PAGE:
Customer Service Jobs: Options, Job Titles, and Descriptions

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Technological advances are changing the landscape of customer service roles. While the U.S. Bureau of Labor Statistics predicts a 2% decline in job growth from 2018-2028, many roles known traditionally as customer service are morphing into more specialized roles specific to their industry.

While it becomes increasingly easy to interact with customers via smartphone or other electronic devices, these customer-facing roles maintain the personal touch between a company and its customers, no matter how big or out of reach. As such, demands on customer service representatives will grow in scope and skill.

Customer Service Job and Education Requirements

Employees in these client-facing positions use customer service skills to solve technical problems, choose a product, schedule an appointment, resolve conflict, and more.

There are literally thousands of customer service positions within hundreds of industries.

As such, experience and education requirements typically vary. The good news is that most customer service roles are entry level, meaning that many employers are willing to train you so long as you possess some of the key soft skills, such as friendliness, professionalism, and bearing.

For most customer service jobs, you need only a high school diploma and a willingness to handle customers from all walks of life. As many of these jobs become more specialized, you might consider taking it upon yourself to read the job descriptions and learn some of the desired technical skills (like various kinds of software) in order to become more competitive.

Customer Service Job Titles

Retail Customer Service RepresentativesRetail stores (both physical location and online stores) rely on their employees to provide a high level of customer care at every level. Cashiers, salespeople, management, and billing departments are examples of customer service jobs in a retail setting. Even in retail, many companies are hiring remote customer service representatives, which gives more of their workforce the chance to work from home.

  • Account Coordinator
  • Account Management Coordinator
  • Account Representative
  • Account Specialist
  • Bilingual Customer Service Representative
  • Business Service Representative
  • Call Center Customer Support
  • Cashier
  • Custodial Customer Representative
  • Customer Care Operator
  • Customer Care Representative
  • Customer Interaction Management Specialist
  • Customer Liaison Officer
  • Customer Relationship Specialist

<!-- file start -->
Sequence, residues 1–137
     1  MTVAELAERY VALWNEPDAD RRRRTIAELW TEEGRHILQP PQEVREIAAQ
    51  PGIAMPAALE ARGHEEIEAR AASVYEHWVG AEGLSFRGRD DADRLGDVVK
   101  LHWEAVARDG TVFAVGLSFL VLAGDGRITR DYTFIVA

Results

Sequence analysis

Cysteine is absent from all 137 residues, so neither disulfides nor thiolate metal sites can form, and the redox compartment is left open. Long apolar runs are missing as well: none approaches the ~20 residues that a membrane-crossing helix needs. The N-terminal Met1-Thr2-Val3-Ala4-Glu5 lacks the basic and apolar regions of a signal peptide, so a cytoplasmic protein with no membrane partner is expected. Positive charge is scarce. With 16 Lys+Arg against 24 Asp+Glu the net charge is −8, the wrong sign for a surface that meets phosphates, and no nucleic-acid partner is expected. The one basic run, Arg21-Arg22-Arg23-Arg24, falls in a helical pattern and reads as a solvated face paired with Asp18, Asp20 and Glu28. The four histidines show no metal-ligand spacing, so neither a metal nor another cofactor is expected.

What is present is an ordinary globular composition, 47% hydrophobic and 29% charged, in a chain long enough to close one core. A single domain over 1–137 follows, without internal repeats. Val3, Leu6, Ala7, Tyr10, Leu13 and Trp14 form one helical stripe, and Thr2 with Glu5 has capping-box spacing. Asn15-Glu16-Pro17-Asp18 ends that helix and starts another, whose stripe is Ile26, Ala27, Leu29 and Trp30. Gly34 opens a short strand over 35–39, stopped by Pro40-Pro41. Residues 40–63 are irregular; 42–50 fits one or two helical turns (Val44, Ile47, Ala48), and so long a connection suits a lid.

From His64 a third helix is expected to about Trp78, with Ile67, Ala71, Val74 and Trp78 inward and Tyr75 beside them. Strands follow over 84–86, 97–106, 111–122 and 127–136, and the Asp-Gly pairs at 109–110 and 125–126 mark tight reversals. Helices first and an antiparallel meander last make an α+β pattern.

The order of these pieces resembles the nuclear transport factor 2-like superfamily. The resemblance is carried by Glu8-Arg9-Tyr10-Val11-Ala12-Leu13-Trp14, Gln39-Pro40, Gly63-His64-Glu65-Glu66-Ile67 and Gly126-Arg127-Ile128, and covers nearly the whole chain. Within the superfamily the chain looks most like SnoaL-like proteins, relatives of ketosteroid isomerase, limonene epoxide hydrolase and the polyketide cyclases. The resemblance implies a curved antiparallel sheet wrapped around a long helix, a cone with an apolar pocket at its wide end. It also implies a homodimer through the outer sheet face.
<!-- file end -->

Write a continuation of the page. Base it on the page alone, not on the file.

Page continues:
• Customer Service Agent
  • Customer Service Ambassador
  • Customer Service Asset Manager
  • Customer Service Associate
  • Retail Associate
  • Retail Sales Associate
  • Teller
  • Telephone Support Specialist

Guest Services Representative: The hospitality industry is similarly reliant on guest services employees to maintain their reputation. Restaurants and hotels are staffed largely by employees in the service of providing the most satisfying experience to their clients.

  • Concierge
  • Front Desk Associate
  • Front Desk Manager
  • Bellman
  • Client Relations Associate
  • Flight Attendant
  • Guest Service Agent
  • Host/Hostess
  • Server

Receptionist: Front-office greeters, or receptionists, are common to all business offices, including insurance companies and medical offices. They are all essential to providing information and services to clients, customers, patients, and even fellow staff members.

  • Administrative Assistant
  • Benefit Coordinator
  • Customer Care Associate
  • Front Desk Agent
  • Front Desk Associate
  • Front Desk Coordinator
  • Front Desk Manager
  • Health and Welfare Services Supervisor
  • Medical Receptionist

ParalegalParalegals and other non-attorney staff give status updates, collect information, host prep calls or other informational calls, and prepare documents for clients. They must be able to carefully guide clients to provide the correct documentation and even provide moderate legal advice on behalf of the attorney. Of all the customer service roles listed here, paralegals maintain one of the more intellectually demanding jobs and may even be required to hold a bachelor’s degree. They also make one of the higher wages with a median salary of $50,940 a year.

  • Legal Assistant
  • Certified Paralegal
  • Paralegal Specialist
  • Law Assistant
  • Paralegal Assistant
  • Legal Analyst
  • Law Associate
  • Litigation Paralegal

Technical Support Representative: Yet another category of customer service jobs is in the technology and computer assistance field. These jobs may require more specialized education and/or on-the-job training. Technical support representative jobs are growing fast at a rate of 10% until 2028.

  • Computer Support Specialist
  • Computer Service Representative
  • Contact Center Help Desk
  • Contact Center Representative
  • Customer Service Technician
  • Field Technical Support Engineer
  • Help Desk Associate
  • Help Desk Support
  • Help Desk Technician
  • Online Customer Support

Article Sources

  1. Bureau of Labor Statistics. "Customer Service Skills: Occupational Employment, Outlook, and Wages," Accessed Sept. 15, 2019.


  2. Bureau of Labor Statistics, Occupation Outlook Handbook. "Customer Service Representative," Accessed Sept. 15, 2019.